NASA’s Osiris-Rex probe has successfully made contact with an asteroid the size of the Empire State Building, offering a look into the earliest history of the Solar System.
Radio signals from over 200 million miles away confirm the spacecraft had successfully made contact with the 1600 foot-wide object known as Bennu.
The next step is obtain confirmation that the “grab and go” mission to obtain samples of dust and grit from the asteroid’s surface.
Sensors on the probe have already reported that all the actions in the sampling procedure had been completed successfully, and that the spacecraft had, as planned, backed away from Bennu after a few seconds of contact.
Now mission controllers in Denver, Colorado, face an agonising wait to find out whether the spacecraft does successfully have samples of the earliest building blocks of our Solar System onboard.
Assuming all has gone as planned, the samples should be returned to Earth for analysis on 2023. In the event that the sample chamber is empty, it will be possible to send Osiris-Rex back for another pass in a few days.
Scientists are hoping for something between 2 ounces and 4 pounds of Bennu’s black, crumbly, carbon-rich surface material. The material's of more than purely academic interest, Bennu has a small chance of colliding with the Earth between 2175 and 2199.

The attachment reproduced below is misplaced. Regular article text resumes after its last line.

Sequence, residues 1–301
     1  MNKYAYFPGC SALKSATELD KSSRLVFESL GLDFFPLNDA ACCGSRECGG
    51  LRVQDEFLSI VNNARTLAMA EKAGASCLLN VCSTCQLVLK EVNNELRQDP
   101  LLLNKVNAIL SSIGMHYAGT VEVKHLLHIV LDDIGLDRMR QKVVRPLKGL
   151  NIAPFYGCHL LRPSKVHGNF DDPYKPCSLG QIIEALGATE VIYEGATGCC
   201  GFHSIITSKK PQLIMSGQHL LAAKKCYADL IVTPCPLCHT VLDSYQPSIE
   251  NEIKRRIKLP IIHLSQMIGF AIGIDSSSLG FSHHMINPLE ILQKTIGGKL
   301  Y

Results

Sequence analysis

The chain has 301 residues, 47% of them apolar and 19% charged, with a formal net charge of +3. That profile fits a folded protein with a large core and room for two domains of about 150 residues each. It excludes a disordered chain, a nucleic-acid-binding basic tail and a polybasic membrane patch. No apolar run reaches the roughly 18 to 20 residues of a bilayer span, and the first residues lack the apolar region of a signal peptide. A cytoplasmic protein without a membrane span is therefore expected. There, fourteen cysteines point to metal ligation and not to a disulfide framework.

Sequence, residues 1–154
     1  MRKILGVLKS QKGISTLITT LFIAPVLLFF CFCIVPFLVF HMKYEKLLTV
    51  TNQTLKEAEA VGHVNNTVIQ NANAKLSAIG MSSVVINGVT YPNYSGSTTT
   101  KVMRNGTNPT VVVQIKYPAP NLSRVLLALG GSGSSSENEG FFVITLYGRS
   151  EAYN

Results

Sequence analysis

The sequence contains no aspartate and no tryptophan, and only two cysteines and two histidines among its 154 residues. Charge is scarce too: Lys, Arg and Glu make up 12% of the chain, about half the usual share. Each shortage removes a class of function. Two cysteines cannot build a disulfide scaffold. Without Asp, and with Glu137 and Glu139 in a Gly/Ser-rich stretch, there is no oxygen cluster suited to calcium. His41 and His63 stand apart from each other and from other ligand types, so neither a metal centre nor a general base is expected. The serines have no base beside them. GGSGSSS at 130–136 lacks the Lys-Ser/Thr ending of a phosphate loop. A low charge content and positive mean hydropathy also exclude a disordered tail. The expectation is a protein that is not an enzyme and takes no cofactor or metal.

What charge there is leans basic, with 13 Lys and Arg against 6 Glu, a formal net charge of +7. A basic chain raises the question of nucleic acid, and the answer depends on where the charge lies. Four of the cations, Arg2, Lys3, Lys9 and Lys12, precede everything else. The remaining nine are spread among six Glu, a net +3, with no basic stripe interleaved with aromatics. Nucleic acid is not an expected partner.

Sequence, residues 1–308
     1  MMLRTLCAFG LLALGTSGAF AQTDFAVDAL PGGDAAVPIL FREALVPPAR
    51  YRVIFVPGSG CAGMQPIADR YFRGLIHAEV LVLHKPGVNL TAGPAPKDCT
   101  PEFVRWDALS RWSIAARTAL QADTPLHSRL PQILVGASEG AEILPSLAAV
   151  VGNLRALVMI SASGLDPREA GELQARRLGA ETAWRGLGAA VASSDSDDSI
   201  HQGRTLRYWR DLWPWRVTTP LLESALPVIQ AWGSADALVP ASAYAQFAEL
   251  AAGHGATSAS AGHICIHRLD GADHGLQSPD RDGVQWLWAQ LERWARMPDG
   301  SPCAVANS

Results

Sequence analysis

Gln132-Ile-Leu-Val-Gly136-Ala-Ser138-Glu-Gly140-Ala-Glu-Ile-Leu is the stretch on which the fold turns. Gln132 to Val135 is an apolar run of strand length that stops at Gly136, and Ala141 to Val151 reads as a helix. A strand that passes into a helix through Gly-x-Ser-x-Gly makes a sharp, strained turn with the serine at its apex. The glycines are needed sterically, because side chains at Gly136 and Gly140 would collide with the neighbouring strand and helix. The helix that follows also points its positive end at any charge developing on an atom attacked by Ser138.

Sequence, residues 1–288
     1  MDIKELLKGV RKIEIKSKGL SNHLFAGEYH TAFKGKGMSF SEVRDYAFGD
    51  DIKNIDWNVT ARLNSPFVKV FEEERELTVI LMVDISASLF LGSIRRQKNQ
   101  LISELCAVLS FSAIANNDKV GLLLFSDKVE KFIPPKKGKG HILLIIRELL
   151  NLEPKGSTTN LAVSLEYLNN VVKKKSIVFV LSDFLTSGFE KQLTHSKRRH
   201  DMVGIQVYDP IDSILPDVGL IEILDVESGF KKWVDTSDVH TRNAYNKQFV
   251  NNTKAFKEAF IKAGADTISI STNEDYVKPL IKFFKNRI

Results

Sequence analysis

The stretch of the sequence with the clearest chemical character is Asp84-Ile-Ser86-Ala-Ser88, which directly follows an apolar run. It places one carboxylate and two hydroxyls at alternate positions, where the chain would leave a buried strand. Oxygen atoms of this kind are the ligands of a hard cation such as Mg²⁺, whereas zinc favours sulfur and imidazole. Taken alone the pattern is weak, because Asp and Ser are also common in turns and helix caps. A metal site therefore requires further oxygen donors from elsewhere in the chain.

Nasa administrator Jim Bridenstine offered his congratulations to the mission controllers, saying: “We are on the way to returning the largest sample brought home from space since Apollo. If all goes well, this sample will be studied by scientists for generations to come.”
Dante Lauretta from the University of Arizona, Tucson is one of the team leaders on the Osiris-Rex project. He told the BBC: ”The team is exuberant; emotions are high; everyone is really proud."
He added: “I can’t believe we actually pulled this off…the spacecraft did everything it was supposed to do.”
Thomas Zurbuchen, Nasa's associate administrator for science, added: ”This was the key milestone of this mission. Now it's a few days to figure out how much of this amazing sample we got that we've been thinking about for decades.”
The sample is scheduled to parachute into the Utah desert in 2023: “That will be another big day for us.," NASA scientist Lucy Lim said,"but this is absolutely the major event of the mission right now.”
Bennu is as old as the Solar System itself – formed tom the same cloud of cosmic debris that formed the Sun and all the planets 4.5 billion years ago.
Sara Russell from London's Natural History Museum says the sample return mission offers an unprecedented look at the origin of our world: ”Asteroids like Bennu formed in the very, very earliest times of the Solar System,” she said.
“They are basically the building blocks of the planets – a time capsule that will tell us how the Sun and the planets came into being and evolved. Bennu can really help us to drill down into how that process actually happens.”
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